Coronavirus: ‘Issue teachers with protective clothing’

Union says number of teachers being asked to come into school still ‘madness’ in some areas

Coronavirus: ‘Issue teachers with protective clothing’

Some 50 staff arrived to look after one student in a Scottish school this morning, said Seamus Searson, the general secretary of the Scottish Secondary Teachers’ Association.

“This is complete madness and a sign of a lack of clear guidance from above,” he told Tes Scotland.

Mr Searson said that confusion over who counted as a key worker remained and called for greater clarity – yesterday the EIS teaching union said that some councils had "flouted" Scottish government advice over coronavirus and large numbers of staff and pupils were continuing to be asked to come into school.


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Mr Searson said that his union had today reaffirmed its guidance to teachers first sent out on Friday.

Teachers, he said, should only attend work to supervise pupils if a risk assessment had been carried out and only teachers who had volunteered should be asked to go into school so that staff with underlying health conditions were not putting themselves at risk – or teachers who were simply “frightened and worried” did not feel compelled to go in.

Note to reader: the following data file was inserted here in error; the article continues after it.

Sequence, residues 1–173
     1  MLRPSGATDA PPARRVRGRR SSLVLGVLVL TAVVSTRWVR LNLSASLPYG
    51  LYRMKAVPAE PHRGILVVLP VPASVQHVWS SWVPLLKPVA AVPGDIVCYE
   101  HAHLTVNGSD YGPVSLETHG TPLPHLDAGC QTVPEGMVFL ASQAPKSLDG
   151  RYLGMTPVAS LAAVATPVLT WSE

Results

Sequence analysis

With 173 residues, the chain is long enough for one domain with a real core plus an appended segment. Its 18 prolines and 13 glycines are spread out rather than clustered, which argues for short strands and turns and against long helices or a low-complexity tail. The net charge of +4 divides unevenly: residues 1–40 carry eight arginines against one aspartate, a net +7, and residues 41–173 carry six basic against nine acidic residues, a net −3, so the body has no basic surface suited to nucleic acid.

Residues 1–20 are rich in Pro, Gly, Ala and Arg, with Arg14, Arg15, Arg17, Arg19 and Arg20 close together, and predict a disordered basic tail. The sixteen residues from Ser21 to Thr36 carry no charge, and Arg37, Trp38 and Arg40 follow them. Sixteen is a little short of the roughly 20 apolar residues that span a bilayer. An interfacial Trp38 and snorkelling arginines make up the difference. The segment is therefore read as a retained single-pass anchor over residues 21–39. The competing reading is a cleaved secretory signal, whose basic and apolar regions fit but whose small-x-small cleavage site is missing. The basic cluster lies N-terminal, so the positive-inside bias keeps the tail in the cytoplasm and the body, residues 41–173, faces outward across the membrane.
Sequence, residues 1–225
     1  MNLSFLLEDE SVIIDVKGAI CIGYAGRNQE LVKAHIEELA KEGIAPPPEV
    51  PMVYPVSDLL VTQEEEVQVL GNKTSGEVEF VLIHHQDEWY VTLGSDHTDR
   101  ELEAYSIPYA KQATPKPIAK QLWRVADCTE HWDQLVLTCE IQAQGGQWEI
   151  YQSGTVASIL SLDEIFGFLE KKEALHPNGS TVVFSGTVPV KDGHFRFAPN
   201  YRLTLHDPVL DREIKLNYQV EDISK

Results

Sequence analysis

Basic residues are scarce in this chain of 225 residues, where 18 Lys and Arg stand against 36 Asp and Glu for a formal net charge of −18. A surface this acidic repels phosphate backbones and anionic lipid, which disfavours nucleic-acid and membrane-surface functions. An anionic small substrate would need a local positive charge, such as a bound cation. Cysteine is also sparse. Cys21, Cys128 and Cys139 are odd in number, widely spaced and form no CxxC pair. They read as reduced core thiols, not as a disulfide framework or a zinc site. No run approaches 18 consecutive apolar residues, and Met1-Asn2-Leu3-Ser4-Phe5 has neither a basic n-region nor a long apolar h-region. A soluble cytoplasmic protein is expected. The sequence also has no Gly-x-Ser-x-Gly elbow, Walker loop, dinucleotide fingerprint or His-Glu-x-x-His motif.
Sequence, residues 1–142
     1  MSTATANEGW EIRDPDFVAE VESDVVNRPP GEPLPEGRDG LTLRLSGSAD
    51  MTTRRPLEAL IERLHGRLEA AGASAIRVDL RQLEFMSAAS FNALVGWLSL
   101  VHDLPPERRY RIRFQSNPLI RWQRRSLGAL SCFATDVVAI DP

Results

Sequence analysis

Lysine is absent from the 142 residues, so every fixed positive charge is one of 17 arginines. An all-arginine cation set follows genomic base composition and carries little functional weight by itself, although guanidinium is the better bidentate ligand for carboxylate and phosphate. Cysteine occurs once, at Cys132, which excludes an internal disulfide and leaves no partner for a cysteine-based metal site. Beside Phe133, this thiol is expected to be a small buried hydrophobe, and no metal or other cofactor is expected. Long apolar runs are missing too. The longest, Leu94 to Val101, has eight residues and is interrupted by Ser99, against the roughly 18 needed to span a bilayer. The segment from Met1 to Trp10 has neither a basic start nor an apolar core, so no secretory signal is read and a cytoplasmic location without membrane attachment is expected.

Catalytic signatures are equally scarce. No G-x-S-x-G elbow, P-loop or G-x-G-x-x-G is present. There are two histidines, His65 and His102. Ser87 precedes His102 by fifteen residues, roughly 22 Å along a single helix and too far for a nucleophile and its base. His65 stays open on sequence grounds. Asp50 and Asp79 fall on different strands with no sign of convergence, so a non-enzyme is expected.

He called for schools in Scotland to follow the example of some schools in Northern Ireland where staff and pupils had been issued with protective clothing.

Mr Searson said: “There was a school in Derry on the news last night where staff and pupils were provided with a full set of protective clothing on arrival. If not worn the pupils were not being let in. This should be seriously considered in Scotland to reassure staff.”

Mr Searson’s comments come in the wake of a Twitter poll conducted by Tes Scotland, which asked school staff how many people in total had been in their school on Monday. While most had 10 or fewer people in them, a significant minority had over 50. The poll attracted 577 responses.

A number of teachers commented that their schools were indeed closed this week – or staff had only popped in for a couple of hours to pick things up.

But one teacher said there had been more than 45 staff at their school and three pupils; another pointed out that the number of staff and pupils in school could rise later in the week when councils expand their provision to include category two and three key workers.

At the moment many councils are only allowing category one key workers’ children to attend and some councils, such as Fife and Perth and Kinross, are not due to start providing this service until later this week.

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